क्योंकि बच्चे अपनी गति से विकास करते हैं, और यह इस लिए भी आवश्यक है कि वे स्वयं अपने दिमाग़ को प्रयोग में लाते हुए अवधारणात्मक स्पष्टता हासिल कर पाएँ, इस लिए कक्षाओं में पास-फ़ेल करने की कोई तुक नहीं है। इस से तो बच्चों को बस कृत्रिम तरीके से, ज़बरदस्ती एक-दूसरे के साथ इकट्ठा कर दिया जाता है – इसी लिए बच्चे को कक्षा में रोके न रखे जाने की नीति की बात होती है।

इस तरह इन तीनों विचारों (सी.सी.ई., पास-फ़ैल व्यवस्था को हटाना और आयु-उपयुक्त कक्षा में बच्चे का दाख़िला) का एक दूसरे से नज़दीकी रिश्ता है और ये तीनों विचार ज्ञान, मानव के सीखने और बच्चे के स्वभाव तथा प्रकृति से सम्बन्धित मान्यताओं पर आधारित हैं। ये एक दूजे के पूरक हैं और एक साथ गम्भीरता से लिए जाएँ तो किसी भी शिक्षा व्यवस्था में काम में लाए जा सकते हैं। इन्हें अलग-अलग कर दिया जाता है और किसी एक को अपनाते हुए अन्य को छोड़ दिया जाता है, तो बात नहीं बनेगी, और ऎसी कोशिश निसंदेह असफल होगी।


गहरा विरोधाभास

अगर हम आयु-उपयुक्त कक्षा में दाख़िला, सी.सी.ई. और कक्षा में न रोके रखने की नीति की बुनियाद में मौजूद मान्यताओं को स्वीकार करते हैं तो पाठ्यचर्या की व्यवस्था और स्कूल के ढाँचे में बुनियादी बदलाव करने होंगे। पाठ्यचर्या और पाठ्यक्रम को ‘सीखने में सातत्य’ के सिद्धांत को मान कर चलना होगा न कि ‘सीखने की सीढ़ी’ के सिद्धांत को। ‘सातत्य’ के तहत सीखने के एक ऐसे वक्र की कल्पना की जाती है जिसे हम प्रत्येक बच्चे द्वारा लिया गया पथ कह सकते हैं। आवश्यक नहीं है कि इस पथ में समय-सीमाओं में बंधे और तयशुदा मील के पत्थर हों। ज़रूरत हो तो पाठ्यचर्या और पाठ्यक्रम के तहत ज्ञान, दक्षताओं और मूल्यों को एक शृँख़ला में तो व्यवस्थित किया जा सकता है, लेकिन किसी सालाना कड़ी-कठोर सीढ़ी-व्यवस्था के लिए जगह नहीं हो सकती।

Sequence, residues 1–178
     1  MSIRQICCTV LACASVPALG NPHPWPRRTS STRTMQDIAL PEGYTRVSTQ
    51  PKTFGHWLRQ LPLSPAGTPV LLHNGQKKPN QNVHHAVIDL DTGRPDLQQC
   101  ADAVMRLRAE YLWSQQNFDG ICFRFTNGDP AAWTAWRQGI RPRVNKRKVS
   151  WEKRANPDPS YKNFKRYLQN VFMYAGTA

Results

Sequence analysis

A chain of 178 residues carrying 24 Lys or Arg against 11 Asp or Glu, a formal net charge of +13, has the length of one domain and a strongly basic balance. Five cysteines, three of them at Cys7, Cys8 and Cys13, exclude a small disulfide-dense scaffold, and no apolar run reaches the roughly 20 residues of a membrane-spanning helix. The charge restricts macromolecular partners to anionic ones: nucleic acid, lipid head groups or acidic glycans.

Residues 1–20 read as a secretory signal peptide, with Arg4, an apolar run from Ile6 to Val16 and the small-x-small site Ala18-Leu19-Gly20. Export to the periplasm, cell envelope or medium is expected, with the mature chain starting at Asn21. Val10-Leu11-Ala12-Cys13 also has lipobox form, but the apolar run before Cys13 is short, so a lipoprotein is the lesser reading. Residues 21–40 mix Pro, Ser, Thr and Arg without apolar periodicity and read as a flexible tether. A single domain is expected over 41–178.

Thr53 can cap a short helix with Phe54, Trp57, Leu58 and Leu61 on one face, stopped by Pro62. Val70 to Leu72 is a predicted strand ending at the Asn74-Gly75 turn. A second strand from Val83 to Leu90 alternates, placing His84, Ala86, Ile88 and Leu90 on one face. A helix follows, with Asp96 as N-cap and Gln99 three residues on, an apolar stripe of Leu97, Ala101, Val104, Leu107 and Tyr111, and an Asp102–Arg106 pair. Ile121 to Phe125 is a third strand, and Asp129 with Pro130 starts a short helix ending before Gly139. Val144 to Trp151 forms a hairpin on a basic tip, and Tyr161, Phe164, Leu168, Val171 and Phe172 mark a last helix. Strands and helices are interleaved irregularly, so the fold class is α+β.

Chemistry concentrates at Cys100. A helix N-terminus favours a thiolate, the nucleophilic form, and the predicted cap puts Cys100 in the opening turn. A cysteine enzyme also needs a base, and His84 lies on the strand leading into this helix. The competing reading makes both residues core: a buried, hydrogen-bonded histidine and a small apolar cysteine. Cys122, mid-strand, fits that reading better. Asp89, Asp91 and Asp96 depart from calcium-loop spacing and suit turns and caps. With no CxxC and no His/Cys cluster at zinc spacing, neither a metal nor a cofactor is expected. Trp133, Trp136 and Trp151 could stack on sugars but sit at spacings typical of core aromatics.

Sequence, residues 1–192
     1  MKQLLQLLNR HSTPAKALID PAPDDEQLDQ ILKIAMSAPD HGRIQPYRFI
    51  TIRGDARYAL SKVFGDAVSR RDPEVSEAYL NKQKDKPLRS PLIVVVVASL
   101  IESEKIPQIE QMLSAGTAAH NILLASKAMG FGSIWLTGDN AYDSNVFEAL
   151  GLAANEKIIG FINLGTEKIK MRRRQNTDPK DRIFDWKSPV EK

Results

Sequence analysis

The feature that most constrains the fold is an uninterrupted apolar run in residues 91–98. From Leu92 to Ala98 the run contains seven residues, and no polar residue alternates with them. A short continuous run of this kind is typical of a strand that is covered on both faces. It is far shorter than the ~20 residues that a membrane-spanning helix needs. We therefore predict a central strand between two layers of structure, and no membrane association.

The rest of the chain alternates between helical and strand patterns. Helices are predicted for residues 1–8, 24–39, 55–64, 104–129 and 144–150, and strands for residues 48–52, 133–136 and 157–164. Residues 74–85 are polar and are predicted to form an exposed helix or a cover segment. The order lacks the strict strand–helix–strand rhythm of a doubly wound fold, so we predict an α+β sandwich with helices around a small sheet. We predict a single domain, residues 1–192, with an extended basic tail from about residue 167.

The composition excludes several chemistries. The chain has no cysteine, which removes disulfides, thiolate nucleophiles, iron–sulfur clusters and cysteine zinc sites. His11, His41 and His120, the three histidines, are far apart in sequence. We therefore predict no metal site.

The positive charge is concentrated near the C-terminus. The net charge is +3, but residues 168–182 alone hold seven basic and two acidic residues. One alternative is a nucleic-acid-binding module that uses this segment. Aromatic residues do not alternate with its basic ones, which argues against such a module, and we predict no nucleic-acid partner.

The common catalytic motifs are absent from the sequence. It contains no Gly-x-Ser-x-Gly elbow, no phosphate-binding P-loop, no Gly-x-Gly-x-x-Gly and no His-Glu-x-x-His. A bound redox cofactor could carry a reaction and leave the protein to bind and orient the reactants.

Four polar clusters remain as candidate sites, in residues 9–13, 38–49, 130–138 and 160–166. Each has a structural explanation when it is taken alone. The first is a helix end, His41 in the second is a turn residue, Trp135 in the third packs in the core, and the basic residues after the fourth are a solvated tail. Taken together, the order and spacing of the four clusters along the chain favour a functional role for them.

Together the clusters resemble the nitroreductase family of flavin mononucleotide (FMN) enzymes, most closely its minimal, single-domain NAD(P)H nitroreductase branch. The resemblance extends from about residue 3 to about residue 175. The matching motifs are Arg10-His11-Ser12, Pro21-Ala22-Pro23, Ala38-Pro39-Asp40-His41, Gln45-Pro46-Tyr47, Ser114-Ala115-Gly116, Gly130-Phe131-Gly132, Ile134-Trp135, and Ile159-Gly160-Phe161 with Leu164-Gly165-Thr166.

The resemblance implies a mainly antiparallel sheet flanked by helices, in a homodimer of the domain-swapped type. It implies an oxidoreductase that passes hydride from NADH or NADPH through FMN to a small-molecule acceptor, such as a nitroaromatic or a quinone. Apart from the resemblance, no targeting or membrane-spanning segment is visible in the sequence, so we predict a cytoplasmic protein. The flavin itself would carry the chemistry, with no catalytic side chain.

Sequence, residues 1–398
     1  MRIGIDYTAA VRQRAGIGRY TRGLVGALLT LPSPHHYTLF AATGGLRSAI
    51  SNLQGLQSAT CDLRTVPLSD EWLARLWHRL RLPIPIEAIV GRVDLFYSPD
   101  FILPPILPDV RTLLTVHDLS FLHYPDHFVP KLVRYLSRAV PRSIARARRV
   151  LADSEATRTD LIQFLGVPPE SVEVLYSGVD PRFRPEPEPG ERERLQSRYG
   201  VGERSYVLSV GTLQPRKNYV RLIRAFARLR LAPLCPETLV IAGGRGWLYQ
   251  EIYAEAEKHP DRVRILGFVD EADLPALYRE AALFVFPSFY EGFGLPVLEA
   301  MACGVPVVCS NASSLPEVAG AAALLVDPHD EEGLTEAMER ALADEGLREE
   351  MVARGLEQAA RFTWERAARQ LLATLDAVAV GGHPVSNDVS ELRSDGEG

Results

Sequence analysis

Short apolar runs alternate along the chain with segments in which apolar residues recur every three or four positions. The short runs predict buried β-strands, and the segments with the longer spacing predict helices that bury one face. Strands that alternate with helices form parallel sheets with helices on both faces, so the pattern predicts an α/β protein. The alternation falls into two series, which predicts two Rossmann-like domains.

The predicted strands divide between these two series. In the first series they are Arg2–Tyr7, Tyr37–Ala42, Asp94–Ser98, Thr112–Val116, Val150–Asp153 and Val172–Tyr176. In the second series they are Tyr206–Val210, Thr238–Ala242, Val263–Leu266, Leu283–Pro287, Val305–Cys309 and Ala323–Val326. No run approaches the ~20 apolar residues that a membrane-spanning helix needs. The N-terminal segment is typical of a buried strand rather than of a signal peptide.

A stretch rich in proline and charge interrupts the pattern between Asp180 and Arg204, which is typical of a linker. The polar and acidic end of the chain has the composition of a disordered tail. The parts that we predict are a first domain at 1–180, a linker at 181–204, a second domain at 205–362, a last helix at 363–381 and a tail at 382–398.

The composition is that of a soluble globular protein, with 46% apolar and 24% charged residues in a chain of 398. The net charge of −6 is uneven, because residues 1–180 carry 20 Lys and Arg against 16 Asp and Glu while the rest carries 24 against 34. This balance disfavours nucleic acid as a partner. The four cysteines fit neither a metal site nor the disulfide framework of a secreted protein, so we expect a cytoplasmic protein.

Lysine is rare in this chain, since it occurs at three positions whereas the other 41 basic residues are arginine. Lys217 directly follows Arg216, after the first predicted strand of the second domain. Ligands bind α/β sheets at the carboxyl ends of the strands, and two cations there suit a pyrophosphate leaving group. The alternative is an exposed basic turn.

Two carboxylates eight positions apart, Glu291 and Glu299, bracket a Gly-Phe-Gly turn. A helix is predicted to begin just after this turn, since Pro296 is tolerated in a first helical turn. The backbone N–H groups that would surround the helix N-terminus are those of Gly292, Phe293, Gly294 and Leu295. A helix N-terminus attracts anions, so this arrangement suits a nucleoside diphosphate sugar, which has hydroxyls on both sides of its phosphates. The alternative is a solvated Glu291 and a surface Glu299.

दूसरी ओर ‘सीखने की सीढ़ी’ के सिद्धांत में पाठ्यचर्या और पाठ्यक्रम को सालाना व्यवस्था के रूप-आकार में बड़े ही साफ़-सुथरे तरीके से बांधा जाता है। इन्हें हम ग्रेड्स या कक्षाओं के रूप में जानते हैं। प्रत्येक साल में एक व्यवस्थित पैकेज सीखा जाता है। साल के दौरान परीक्षा हो सकती है – जितनी चाहें हो सकती हैं, लेकिन नतीजों को साल के अन्त में इकट्ठा किया जाता है। पर्याप्त सीखना हो पाया है या नहीं, इस पर निर्णय पास या फ़ेल, उत्तीर्ण या अनुत्तीर्ण के रूप में अभिव्यक्त होता है। अनुत्तीर्ण होने की सूरत में सम्पूर्ण वार्षिक-खण्ड को फिर से सीखा जाता है; उत्तीर्ण हो जाएँ तो माना जाता है कि पहले से नाप लिए गए क्षेत्र में सीखे गए को अधिक मज़बूती देने के लिए और मौका मिलाने की ज़रूरत नहीं है। बस चढ़ गए अगली सीढ़ी, अब पीछे का दिमाग में रहे या ना रहे कोई फर्क नहीं पड़ता.